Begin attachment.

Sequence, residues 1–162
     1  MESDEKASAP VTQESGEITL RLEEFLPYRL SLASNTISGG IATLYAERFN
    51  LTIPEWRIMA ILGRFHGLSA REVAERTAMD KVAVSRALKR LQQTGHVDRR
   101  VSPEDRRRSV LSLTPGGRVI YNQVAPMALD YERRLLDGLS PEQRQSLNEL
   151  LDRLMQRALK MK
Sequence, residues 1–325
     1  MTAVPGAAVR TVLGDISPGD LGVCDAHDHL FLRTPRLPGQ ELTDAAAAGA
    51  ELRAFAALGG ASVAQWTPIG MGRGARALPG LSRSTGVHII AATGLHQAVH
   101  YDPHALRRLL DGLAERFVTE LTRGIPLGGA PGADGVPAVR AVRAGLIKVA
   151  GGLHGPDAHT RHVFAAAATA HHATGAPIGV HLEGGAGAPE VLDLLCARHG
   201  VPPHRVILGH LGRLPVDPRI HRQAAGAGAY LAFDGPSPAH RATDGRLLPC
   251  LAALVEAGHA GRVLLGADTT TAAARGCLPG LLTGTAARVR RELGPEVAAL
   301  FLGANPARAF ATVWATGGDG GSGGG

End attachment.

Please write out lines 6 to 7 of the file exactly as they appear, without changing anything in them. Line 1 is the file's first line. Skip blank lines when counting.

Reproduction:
Sequence, residues 1–325
     1  MTAVPGAAVR TVLGDISPGD LGVCDAHDHL FLRTPRLPGQ ELTDAAAAGA